A pall of shock and apprehension hangs over the 33-acre campus of the country’s oldest marine engineering college as it is on the verge of losing its pre- eminence and become a mere appendage to a central university.
With the central government deciding to set up a statutory Central Maritime University headquartered in Chennai, the mood at the Marine Engineering and Research Institute (MERI) in Calcutta is sombre.
“Given the history, infrastructure and faculty strength of MERI, it should have been the logical choice,” says Shyamal Mukhopadhyay, director, MERI, reacting to the decision of choosing Chennai over Calcutta.
The choice was formally announced in Parliament on Tuesday, amid protests from the floor of the House.
MERI — through a tie-up with Jadavpur University — is the only institute in the country to offer a bachelor’s degree in marine engineering.
Because of its contribution to the field of marine engineering, the Taratala campus of the 58-year-old institute — an autonomous outfit under the ministry of shipping and transport — has always been the favourite to host the university.
In the early ’90s, it was considered for a deemed university tag. Later, in 2004, a University Grants Commission (UGC) team recommended the setting up of a full-fledged university on the sprawling south Calcutta campus.
“Our infrastructure conforms to all the AICTE and UGC norms… It is really disappointing that the headquarters of the university will be in Chennai, which is far behind in terms of infrastructure and faculty strength,” says an official of the institute.
Besides running a four-year degree course on marine engineering, the institute also offers a number of shorter-duration courses.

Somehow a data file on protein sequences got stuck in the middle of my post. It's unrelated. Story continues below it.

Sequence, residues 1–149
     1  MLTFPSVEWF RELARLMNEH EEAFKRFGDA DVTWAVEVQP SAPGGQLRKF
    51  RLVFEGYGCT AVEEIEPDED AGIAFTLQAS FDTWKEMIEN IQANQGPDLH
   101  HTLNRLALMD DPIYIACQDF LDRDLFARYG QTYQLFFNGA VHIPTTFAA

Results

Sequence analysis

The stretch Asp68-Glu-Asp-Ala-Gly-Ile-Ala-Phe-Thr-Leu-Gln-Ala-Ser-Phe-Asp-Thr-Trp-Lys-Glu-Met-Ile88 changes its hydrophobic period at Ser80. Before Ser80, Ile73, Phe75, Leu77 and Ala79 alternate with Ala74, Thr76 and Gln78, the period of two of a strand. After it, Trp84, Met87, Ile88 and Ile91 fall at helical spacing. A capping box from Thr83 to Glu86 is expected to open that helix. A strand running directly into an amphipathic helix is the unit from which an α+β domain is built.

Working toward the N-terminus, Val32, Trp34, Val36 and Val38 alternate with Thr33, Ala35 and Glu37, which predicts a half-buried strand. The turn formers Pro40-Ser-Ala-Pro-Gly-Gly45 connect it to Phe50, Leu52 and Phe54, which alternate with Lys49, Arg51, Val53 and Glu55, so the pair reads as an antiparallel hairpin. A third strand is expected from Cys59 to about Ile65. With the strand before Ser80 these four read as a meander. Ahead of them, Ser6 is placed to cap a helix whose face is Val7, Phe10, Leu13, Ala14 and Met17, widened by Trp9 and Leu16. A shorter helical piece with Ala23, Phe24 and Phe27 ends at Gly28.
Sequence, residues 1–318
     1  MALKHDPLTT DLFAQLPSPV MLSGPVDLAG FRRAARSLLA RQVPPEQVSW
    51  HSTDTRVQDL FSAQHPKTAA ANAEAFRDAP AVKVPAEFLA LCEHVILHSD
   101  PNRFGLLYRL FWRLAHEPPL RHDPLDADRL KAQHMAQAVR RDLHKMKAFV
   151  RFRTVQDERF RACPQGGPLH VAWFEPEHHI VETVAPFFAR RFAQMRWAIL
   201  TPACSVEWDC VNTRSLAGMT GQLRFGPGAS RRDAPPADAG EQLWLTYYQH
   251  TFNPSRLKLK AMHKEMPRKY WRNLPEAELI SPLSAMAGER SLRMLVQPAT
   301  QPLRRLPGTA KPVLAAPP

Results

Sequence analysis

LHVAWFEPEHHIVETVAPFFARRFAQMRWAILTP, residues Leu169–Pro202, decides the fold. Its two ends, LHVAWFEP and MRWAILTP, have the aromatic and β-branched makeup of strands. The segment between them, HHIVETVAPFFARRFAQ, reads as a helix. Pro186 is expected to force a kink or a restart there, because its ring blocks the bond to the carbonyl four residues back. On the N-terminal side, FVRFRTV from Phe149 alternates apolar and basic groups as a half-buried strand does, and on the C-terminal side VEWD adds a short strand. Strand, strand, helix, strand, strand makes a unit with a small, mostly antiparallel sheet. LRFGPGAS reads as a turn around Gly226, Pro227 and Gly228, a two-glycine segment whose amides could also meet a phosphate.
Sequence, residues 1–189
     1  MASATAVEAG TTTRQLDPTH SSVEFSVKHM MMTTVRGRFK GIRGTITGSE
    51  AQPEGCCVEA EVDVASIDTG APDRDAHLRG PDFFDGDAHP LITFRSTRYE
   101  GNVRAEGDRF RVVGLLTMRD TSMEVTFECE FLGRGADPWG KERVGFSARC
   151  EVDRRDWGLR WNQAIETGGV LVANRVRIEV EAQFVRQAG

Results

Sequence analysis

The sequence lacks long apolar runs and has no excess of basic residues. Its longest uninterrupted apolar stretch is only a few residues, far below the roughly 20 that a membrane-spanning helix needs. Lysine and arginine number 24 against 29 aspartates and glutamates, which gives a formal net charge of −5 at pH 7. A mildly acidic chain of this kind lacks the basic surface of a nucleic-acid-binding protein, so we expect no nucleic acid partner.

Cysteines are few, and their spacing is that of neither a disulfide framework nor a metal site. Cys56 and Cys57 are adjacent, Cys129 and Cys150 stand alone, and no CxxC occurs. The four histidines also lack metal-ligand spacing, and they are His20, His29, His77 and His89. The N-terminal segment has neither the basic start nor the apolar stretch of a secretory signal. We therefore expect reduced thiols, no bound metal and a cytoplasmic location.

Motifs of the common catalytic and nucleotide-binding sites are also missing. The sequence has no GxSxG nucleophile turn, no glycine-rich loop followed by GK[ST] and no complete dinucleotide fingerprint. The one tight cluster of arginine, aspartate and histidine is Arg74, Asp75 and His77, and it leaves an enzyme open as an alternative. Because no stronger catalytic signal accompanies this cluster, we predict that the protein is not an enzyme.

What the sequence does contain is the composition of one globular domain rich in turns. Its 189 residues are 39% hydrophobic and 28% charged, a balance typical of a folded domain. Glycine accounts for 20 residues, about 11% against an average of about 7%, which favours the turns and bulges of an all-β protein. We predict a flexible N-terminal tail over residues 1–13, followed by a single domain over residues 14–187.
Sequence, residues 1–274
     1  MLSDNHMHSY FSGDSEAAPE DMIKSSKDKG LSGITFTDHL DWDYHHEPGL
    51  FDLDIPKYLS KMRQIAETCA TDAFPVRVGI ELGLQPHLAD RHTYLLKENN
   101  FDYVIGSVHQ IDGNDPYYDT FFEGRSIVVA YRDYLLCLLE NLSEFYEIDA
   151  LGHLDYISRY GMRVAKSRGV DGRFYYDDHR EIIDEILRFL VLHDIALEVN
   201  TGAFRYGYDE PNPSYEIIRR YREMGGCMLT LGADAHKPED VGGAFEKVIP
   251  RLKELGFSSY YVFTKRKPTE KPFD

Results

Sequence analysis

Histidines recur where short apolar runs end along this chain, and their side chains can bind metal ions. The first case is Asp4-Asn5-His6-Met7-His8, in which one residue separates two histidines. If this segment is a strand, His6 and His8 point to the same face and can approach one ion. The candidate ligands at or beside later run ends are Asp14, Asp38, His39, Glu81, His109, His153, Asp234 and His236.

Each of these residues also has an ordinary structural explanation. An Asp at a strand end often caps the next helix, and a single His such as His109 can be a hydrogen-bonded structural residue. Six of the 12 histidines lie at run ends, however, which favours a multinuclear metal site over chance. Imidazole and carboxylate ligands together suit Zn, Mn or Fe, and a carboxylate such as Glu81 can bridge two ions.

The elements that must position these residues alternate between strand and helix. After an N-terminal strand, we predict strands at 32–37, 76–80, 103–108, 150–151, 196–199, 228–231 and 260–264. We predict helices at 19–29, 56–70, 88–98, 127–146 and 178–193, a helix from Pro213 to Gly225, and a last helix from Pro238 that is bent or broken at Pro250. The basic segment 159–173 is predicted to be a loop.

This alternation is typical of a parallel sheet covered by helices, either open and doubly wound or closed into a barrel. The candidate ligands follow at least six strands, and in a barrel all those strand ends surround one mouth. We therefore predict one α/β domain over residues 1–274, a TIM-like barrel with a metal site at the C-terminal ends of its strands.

According to the plan, the central university will monitor MERI Calcutta, three government-run maritime institutes in Mumbai — TS Chanakya and Lal Bahadur Shastri College of Advanced Maritime Studies and Research and MERI Mumbai — and 100-odd private institutes.
The central university will not immediately affect academics or students at MERI Calcutta, but the officials are worried about the long-term impact of the move.
“New courses will naturally be launched at the headquarters, which will attract the best brains. So, a centre of excellence will be phased out of Calcutta,” said another senior MERI official, ruing the decision.
The institute, which has churned out over 6,000 marine engineers to date, has an enviable hundred per cent placement record, as local and global shipping companies lap up the MERI pass outs.
While the students and officials at MERI have lost hope, the state government is still trying to pull strings in Delhi.
“I’ve already written to shipping minister T.R. Baalu and human resource development minister Arjun Singh. The state government had been, from the outset, insisting that headquarters be set up in MERI and we are sticking to our demand,” said state higher education minister Sudarshan Ray Chaudhuri.